They asked the CEO to clarify the nature of the future relationship between ATEED and Waiheke in the event of de-amalgamation. Here is the response.
This statement can be attributed to ATEED Chief Executive Brett O’Riley:
ATEED is aware of discussions relating to our position on the proposal for Waiheke to become a self-governing, independent Council. For the record ATEED supports the growth of a vibrant and competitive economy facilitating new money and new jobs for Auckland. As a council controlled organisation we are accountable to Auckland ratepayers so if Waiheke Island became an independent region, ATEED would no longer have the mandate to represent and promote the island.
This would mean we could no longer provide funds to promote tourism, major events and other business activities relating to Waiheke. This includes promoting the island domestically and internationally to media and trade, providing funding for major events and including local businesses and activities in bids for conference and incentive events.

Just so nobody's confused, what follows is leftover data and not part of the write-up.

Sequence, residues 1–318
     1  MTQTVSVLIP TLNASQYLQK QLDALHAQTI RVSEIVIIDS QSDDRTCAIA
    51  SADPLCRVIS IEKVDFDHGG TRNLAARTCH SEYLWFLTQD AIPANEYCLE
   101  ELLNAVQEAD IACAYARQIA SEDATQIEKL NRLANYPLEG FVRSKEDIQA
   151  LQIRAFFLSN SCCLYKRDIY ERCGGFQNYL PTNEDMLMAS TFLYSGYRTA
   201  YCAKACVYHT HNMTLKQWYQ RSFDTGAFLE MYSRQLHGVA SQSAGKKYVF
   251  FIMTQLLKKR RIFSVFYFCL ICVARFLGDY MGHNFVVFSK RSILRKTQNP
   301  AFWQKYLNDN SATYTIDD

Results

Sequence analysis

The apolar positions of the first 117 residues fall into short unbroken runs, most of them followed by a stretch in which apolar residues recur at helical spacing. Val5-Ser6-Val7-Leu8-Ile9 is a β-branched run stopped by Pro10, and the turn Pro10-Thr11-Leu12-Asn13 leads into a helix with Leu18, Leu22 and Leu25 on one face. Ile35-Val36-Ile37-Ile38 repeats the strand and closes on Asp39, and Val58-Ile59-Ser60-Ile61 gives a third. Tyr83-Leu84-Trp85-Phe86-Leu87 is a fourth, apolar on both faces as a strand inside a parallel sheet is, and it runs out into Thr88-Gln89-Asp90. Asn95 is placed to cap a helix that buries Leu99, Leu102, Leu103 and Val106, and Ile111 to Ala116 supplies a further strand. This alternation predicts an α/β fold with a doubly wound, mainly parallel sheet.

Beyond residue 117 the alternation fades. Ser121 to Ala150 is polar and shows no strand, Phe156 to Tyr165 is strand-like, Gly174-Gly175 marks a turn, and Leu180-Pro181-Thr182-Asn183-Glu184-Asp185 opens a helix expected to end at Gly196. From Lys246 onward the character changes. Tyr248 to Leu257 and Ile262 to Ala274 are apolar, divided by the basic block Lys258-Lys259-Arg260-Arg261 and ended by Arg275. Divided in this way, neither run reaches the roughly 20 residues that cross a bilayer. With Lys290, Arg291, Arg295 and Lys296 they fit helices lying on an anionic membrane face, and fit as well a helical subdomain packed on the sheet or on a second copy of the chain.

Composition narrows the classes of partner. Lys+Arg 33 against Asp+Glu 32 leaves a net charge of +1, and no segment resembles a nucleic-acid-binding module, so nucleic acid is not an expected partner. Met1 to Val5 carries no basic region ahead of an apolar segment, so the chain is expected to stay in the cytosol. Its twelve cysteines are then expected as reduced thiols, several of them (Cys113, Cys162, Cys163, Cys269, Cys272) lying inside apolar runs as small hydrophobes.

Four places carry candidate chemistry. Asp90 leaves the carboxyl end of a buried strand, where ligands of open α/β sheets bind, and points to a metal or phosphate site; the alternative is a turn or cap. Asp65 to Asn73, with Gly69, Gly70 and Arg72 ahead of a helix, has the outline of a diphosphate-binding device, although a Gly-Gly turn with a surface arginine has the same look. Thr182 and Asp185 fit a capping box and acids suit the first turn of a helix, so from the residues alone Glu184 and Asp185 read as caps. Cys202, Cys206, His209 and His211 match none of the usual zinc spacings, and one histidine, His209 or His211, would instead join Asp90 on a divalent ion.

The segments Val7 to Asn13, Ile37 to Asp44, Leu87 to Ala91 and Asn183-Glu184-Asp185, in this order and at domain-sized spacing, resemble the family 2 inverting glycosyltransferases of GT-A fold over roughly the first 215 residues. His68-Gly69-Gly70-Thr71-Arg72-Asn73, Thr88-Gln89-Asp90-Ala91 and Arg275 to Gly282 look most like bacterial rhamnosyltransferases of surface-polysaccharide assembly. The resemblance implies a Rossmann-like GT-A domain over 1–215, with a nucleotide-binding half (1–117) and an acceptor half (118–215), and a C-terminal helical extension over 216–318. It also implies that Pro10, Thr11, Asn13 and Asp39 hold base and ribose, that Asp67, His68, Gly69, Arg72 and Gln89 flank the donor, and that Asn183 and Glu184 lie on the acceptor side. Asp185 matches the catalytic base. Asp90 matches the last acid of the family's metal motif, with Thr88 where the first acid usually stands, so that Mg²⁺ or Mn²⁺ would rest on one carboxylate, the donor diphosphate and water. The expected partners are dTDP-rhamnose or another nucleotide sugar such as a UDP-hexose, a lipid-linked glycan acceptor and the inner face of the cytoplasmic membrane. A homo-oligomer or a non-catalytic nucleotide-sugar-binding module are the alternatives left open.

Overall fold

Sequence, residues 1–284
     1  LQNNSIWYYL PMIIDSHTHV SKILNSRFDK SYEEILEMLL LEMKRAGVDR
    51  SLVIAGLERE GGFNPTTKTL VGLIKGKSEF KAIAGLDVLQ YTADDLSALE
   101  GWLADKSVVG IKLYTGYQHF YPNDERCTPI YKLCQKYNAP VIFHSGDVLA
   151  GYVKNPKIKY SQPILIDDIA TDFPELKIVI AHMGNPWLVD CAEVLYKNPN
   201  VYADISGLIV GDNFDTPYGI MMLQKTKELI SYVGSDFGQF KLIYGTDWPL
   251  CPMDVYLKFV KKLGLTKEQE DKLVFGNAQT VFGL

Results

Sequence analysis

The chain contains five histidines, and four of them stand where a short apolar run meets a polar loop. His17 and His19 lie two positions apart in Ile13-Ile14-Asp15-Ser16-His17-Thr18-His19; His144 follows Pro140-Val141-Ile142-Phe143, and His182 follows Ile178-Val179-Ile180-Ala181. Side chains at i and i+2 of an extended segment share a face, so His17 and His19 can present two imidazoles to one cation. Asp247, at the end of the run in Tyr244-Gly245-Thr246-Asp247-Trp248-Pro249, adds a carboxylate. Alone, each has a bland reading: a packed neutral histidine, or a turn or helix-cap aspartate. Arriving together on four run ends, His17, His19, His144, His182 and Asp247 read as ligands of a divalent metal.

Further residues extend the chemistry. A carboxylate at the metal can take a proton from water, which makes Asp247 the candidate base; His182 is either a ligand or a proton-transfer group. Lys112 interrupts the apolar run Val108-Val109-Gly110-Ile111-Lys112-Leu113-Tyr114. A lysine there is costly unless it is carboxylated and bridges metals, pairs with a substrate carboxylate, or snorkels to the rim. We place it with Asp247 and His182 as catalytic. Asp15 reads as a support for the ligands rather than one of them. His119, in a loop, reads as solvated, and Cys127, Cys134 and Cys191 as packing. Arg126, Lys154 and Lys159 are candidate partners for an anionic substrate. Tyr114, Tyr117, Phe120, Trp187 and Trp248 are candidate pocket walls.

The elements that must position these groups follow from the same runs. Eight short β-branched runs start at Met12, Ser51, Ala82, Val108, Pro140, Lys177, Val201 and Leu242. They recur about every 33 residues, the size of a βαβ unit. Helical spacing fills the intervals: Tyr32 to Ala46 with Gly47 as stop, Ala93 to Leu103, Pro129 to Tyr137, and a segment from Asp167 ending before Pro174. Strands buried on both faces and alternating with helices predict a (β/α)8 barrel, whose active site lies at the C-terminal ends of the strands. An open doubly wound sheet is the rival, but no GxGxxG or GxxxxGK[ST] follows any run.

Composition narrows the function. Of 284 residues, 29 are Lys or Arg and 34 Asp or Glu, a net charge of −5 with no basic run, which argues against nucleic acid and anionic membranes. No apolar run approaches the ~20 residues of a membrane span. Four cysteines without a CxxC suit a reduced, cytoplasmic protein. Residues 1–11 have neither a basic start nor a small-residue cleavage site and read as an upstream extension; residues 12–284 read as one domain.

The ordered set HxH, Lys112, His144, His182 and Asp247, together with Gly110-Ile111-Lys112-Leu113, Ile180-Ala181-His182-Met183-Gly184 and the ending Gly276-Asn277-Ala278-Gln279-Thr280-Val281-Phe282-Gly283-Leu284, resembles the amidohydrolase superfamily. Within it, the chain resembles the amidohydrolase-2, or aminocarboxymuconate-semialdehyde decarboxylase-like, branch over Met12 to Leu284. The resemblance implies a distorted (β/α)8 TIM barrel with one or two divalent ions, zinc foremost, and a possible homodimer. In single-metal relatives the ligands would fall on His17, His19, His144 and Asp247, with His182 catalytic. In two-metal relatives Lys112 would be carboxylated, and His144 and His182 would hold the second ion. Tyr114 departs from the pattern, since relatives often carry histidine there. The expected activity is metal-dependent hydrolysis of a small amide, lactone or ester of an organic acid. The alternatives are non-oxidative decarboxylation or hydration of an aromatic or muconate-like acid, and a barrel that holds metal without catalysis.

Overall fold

Under an independent structure ATEED could potentially work with Waiheke, as we do with our neighbouring regions, such as Northland, Thames/Coromandel and Waikato, on projects where both regions would benefit but this would have to be funded by Waiheke’s Council or representative body.
ATEED is the arm of Auckland Council responsible for marketing Auckland’s visitor industry domestically and internationally. At the heart of ATEED’s marketing strategy is the Auckland Visitor Plan, a key plank of which is promotion of the Hauraki Gulf islands including Waiheke.
This Waiheke Local Board, including OW leader John Meeuwsen, made it plain at the outset they do not support our tourism industry. They did this by seeking to remove their advocacy for ATEED’s Visitor Plan from their Local Board Plan.
It was my blog, Tourists not Welcome, that alerted our tourism operators to the consequences of this move by the Board. The resulting pressure from tourism operators forced the Board to retain their advocacy for tourism, albeit reluctantly.
Through a campaign of misinformation, half-truths and inability to compare like with like OW hopes to turn the clock back thirty years. It didn’t work for Nobilangelo, it won’t work for Meeuwsen, but it may distract voters from the main task they face next year. That task is to re-introduce democracy, accountability and transparency into Auckland’s and Waiheke’s governance by ensuring Len Brown, the Terrible Ten Councillors (of which Mike Lee is one) and this prodigal Waiheke Local Board are removed from office.